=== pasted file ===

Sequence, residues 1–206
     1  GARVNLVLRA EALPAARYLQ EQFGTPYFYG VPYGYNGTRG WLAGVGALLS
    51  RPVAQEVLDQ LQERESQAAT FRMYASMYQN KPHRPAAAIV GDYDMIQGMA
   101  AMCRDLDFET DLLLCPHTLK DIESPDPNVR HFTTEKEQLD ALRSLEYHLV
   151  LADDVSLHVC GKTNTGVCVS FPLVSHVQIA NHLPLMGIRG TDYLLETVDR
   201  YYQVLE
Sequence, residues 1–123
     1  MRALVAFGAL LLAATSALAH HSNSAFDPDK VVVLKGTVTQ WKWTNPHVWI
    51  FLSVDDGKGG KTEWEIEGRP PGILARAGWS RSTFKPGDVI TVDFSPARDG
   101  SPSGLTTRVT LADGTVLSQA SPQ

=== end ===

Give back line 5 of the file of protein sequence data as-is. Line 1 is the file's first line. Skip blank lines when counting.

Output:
   151  LADDVSLHVC GKTNTGVCVS FPLVSHVQIA NHLPLMGIRG TDYLLETVDR